Finding Joy in Difficult Times, an Interview with James Baraz
Can you talk about gratitude in Buddhist terms—would it fall into the category of mudita, perhaps?
I would say that gratitude is a very powerful ally to cultivating mudita. The Buddha talks about the “blessings supreme” in the Mangala (Blessings) Sutta. Reflecting on the blessings in our life, one of which is specifically to be grateful, is a kind of mudita for oneself. You’re happy about and appreciative of your own good fortune and that opens your heart in a very powerful way. The more you get in touch with gratitude, the more directly you feel the abundance of blessings, and as you do the fullness you feel spills over to enjoy the good fortune, blessings and happiness of everyone around you.
If we are really caught up in our suffering or personal strife though, it can be hard even to be willing to try and feel joy for others. What’s a good way to break ourselves out of this trap?
When we’re caught up in our own suffering, mudita is a real stretch. But it’s actually a practice that can make a difference even when you’re going through difficult times. First, you need to be realistic about your own capacities and let go of any shoulds—as in “I should feel good about their good fortune”—that you hold as some impossible ideal. We need to start with compassion for ourselves and be very kind and patient with our actual internal experience.
Then, getting beyond the sense of isolation, you can connect with everyone who is going through suffering, starting with those dealing with a similar situation to what you’re in. The isolation and disconnection are what feeds fear, loneliness and helplessness. You are not alone. Your suffering is something that can lead you back to connection. Then, if you feel up to it, try putting that compassion into action. The surest way out of depression for instance is to help someone else who’s struggling. You feel of value through your ability to respond to others in need. In supporting others and helping them with your caring heart, you want to see them experience greater well-being. Feeling good about supporting them in their happiness can be a start to mudita practice.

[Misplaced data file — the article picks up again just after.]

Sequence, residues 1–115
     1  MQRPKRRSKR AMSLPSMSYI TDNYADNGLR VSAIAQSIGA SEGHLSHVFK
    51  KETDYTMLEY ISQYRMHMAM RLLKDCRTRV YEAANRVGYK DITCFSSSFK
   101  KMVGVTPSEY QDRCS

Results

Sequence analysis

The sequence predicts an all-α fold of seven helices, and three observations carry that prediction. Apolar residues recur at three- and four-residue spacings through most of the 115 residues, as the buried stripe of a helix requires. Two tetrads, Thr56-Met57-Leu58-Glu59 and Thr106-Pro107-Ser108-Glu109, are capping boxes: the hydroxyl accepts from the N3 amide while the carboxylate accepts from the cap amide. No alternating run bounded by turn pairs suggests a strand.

You can also practice muditafor those who it’s easy to feel it for—nieces and nephews, children playing, babies giggling. When we’re having a hard time, we naturally seek experiencing mudita through entertainment. We go to the movies and root for the underdog or heroine/hero or our favorite sports team. The trick is to start widening the circle by realizing that the happiness of others (as long as it’s not at the expense of someone else) means that there’s a bit more happiness in the world. We can ride that well-being and let that wholesome, generous state activate our own goodness of heart.
Could you compare and contrast the benefits of equanimity (or upekkha) versus the benefits of mudita? How are they related in terms of our practice?